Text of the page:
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Genre or Die, Pt 8: Art Film – More Than Meets The Eye?

SPOILERS: Memento, Dust Devil, Angel HeartOkay, Art Film isn’t *strictly* a genre on its own. But it’s a “type” of film and though Art Film can incorporate all types of genre (though it’s often horror/thriller, but not always), it’s something scribes are very often interested in. Not only did Elinor ask for Art Film to be looked at as part of Genre or Die, such films as Pi, Lost Highway, Hellraiser and Existenz [amongst others] have come up for discussion on this blog more than once. But what is Art Film? I don’t get a lot of art scripts, has… Read More »Genre or Die, Pt 8: Art Film – More Than Meets The Eye?

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Genre or Die, Pt 7 (2 of 2): Gangster/Crime Specs

I’ve always been interested in crime and read lots on the subject: I’ll never forget my year 9 English Teacher Mrs. Robins’ face when I gave in a discursive essay – with gory photocopied pictures, no Google images then! – on serial killers. But hey, I got an A. So it’s kind of inevitable then that I LOVE gangster films. And though gangster films have “peak times” when everybody’s doing ’em, they never *really* go away. Maybe less so for me, since one genre Bang2write gets A LOT is gangster. You may remember I’ve already posted about Marc Pye’s Act… Read More »Genre or Die, Pt 7 (2 of 2): Gangster/Crime Specs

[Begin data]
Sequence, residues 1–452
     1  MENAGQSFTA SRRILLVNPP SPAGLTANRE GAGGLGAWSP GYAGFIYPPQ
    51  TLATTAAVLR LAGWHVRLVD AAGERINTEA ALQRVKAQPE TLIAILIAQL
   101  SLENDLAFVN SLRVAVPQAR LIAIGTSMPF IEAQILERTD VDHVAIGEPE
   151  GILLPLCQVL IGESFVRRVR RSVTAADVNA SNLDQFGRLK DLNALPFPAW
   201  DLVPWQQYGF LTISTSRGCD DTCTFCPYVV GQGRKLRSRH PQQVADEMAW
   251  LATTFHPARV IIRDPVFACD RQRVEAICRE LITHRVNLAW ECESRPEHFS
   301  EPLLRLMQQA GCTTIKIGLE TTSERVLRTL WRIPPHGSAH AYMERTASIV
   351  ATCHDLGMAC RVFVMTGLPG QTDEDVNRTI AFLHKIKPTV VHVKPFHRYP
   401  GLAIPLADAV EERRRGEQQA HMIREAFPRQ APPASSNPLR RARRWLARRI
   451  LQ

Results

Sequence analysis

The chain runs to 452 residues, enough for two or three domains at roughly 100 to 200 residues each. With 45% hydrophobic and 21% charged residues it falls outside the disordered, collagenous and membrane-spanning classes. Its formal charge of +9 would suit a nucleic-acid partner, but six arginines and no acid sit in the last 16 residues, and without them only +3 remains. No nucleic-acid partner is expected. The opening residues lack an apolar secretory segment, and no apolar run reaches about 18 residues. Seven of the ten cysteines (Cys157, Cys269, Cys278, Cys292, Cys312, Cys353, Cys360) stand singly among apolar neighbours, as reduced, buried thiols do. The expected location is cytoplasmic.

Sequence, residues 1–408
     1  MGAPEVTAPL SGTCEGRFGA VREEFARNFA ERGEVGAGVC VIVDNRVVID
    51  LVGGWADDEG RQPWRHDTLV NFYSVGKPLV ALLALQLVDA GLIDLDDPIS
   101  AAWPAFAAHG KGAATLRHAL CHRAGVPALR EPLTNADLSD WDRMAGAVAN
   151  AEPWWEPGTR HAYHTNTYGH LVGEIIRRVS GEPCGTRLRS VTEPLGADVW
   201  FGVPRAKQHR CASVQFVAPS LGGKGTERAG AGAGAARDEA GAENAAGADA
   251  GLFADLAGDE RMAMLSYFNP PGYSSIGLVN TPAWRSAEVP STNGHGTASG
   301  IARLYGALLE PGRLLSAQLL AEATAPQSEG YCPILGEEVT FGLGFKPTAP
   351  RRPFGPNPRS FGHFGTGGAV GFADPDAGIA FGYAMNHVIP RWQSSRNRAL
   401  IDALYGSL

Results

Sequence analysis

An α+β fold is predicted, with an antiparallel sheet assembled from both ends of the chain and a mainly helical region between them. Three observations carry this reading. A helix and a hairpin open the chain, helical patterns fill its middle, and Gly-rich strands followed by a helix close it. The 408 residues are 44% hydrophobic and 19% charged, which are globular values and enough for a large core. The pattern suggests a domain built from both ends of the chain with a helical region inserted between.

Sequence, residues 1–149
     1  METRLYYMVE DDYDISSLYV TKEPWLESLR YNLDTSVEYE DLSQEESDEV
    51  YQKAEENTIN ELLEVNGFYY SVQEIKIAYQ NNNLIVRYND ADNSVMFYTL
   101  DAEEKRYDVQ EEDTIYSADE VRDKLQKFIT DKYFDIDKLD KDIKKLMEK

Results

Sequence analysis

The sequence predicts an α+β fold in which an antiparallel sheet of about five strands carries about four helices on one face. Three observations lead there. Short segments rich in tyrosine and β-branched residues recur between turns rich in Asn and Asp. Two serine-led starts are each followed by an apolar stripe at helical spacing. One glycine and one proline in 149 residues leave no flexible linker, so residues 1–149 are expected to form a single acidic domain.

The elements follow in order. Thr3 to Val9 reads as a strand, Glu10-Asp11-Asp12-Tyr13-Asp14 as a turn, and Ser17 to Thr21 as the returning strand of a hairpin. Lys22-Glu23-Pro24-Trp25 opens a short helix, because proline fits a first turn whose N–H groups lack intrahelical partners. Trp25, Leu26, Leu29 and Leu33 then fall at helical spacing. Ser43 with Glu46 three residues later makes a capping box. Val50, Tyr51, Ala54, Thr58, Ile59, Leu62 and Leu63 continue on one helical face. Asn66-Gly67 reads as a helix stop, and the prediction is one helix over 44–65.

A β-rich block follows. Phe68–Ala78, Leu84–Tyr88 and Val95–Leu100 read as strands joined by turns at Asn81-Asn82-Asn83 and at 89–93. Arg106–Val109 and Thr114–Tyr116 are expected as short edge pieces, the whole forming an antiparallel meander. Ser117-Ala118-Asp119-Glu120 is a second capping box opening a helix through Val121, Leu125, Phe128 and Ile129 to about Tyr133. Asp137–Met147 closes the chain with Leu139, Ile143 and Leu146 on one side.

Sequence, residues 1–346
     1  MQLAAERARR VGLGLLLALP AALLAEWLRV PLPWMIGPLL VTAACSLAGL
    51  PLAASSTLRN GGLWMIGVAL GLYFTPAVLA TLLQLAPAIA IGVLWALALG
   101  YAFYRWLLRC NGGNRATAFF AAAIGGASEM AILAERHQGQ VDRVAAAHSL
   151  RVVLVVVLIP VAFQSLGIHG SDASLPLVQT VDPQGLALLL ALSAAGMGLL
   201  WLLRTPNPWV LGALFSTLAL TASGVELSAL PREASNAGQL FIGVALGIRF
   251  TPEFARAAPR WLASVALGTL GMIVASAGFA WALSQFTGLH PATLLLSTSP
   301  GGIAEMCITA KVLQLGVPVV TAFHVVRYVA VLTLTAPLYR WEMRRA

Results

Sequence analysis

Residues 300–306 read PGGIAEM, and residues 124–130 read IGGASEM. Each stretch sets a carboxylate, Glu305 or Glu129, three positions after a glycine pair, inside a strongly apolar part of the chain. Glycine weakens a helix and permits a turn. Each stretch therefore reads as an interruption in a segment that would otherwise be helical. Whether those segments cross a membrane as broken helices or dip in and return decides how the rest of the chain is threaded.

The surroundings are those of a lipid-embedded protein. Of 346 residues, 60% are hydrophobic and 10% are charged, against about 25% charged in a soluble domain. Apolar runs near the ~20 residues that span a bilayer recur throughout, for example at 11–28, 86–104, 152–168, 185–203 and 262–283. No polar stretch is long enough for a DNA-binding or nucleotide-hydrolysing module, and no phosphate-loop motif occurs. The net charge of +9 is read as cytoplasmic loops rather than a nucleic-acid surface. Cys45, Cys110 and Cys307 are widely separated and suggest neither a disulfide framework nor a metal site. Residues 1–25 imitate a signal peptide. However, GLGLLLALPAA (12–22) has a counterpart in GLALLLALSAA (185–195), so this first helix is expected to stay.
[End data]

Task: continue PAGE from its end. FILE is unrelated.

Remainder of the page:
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Highs & Lows

This writing thing is great, I love it. But it also sucks. Big time. It’s inevitable that if things go well, they have to be pretty rubbish as well. It’s balance, just part of life: stuff goes up, it’s gotta come down too – else how will you ever know how good, good is if you haven’t also experienced the bad? That’s what I’m telling myself at the moment, anyway. I’m feeling pretty dejected about the state of my career at the moment – I’ve had a few too many rejections close together, basically – and I’m wondering if I… Read More »Highs & Lows

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Genre or Die, Pt 5: Science Fiction